A significant amount of our total assets is related to acquired intangibles and goodwill. As of June 30, 2009, the carrying value of our product rights and other intangible assets was approximately $532 million and the carrying value of our goodwill was approximately $868 million.
     Our product rights are stated at cost, less accumulated amortization. We determine original fair value and amortization periods for product rights based on our assessment of various factors impacting estimated useful lives and cash flows of the acquired products. Such factors include the product’s position in its life cycle, the existence or absence of like products in the market, various other competitive and regulatory issues and contractual terms. Significant adverse changes to any of these factors would require us to perform an impairment test on the affected asset and, if evidence of impairment exists, we would be required to take an impairment charge with respect to the asset. Such a charge could have a material adverse effect on our results of operations and financial condition.
     Our other significant intangible assets include acquired core technology and customer relationships, which are intangible assets with definite lives, and the Anda trade name, which is an intangible asset with an indefinite life, as we intend to use the Anda trade name indefinitely.
     Our acquired core technology and customer relationship intangible assets are stated at cost, less accumulated amortization. We determined the original fair value of our other intangible assets by performing a discounted cash flow analysis, which is based on our assessment of various factors. Such factors include existing operating margins, the number of existing and potential competitors, product pricing patterns, product market share analysis, product approval and launch dates, the effects of competition, customer attrition rates, consolidation within the industry and generic product lifecycle estimates. Our other intangible assets with definite lives are tested for impairment when there are significant changes to any of these factors. Our other intangible assets with indefinite lives are tested for impairment annually, or more frequently if there are significant changes to any of the above factors. If evidence of impairment exists, we would be required to take an impairment charge with respect to the impaired asset. Such a charge could have a material adverse effect on our results of operations and financial condition.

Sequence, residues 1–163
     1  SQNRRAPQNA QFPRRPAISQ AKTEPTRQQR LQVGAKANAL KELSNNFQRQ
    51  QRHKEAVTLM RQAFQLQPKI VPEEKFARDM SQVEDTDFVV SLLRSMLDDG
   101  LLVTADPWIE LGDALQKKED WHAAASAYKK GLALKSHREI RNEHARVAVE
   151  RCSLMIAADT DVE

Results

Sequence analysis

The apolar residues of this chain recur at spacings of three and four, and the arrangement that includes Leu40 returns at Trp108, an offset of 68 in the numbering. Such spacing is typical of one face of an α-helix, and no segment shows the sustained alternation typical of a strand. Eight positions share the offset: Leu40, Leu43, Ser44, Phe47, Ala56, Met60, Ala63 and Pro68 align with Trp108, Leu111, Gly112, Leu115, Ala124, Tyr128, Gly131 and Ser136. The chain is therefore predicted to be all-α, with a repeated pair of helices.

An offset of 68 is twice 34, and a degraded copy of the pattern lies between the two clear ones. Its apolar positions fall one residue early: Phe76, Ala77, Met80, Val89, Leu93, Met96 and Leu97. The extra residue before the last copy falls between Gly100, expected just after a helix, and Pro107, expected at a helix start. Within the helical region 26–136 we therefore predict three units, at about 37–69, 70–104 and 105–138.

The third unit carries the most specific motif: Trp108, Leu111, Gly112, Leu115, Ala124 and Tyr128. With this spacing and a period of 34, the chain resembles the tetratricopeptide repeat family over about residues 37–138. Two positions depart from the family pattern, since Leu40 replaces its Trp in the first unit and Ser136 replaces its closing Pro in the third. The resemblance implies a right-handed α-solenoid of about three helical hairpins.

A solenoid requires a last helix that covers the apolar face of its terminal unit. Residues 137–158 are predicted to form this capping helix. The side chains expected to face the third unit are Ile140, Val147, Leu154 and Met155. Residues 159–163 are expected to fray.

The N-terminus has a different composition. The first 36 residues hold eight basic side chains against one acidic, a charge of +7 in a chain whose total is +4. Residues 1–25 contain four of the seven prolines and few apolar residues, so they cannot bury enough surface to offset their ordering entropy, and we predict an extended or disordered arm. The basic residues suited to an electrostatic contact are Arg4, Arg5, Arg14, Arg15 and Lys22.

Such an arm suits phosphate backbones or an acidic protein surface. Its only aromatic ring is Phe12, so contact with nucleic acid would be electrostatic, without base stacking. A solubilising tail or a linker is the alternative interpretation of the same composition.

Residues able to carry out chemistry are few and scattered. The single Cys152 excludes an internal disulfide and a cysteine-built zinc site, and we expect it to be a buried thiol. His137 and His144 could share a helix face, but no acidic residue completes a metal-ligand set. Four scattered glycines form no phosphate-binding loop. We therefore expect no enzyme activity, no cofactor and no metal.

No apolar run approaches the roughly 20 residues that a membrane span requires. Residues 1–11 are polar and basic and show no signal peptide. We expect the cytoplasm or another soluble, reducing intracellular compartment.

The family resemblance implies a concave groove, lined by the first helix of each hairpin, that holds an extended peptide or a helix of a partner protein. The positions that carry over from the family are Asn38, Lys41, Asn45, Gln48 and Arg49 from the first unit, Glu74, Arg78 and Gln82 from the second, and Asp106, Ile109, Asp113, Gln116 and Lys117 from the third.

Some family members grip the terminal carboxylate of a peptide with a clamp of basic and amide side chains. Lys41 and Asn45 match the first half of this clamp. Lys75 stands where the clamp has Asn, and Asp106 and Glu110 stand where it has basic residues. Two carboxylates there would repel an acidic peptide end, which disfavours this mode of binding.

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     Goodwill and our Anda trade name intangible asset are tested for impairment annually and when events occur or circumstances change that could potentially reduce the fair value of the reporting unit or intangible asset. Impairment testing compares the fair value of the reporting unit or intangible asset to its carrying amount. A goodwill or trade name impairment, if any, would be recorded in operating income and could have a material adverse effect on our results of operations and financial condition.
We may need to raise additional funds in the future which may not be available on acceptable terms or at all.
     We may consider issuing additional debt or equity securities in the future to fund potential acquisitions or investments, to refinance existing debt, or for general corporate purposes. If we issue equity or convertible debt securities to raise additional funds, our existing stockholders may experience dilution, and the new equity or debt securities may have rights, preferences and privileges senior to those of our existing stockholders. If we incur additional debt, it may increase our leverage relative to our earnings or to our equity capitalization, requiring us to pay additional interest expenses. We may not be able to market such issuances on favorable terms, or at all, in which case, we may not be able to develop or enhance our products, execute our business plan, take advantage of future opportunities, or respond to competitive pressures or unanticipated customer requirements.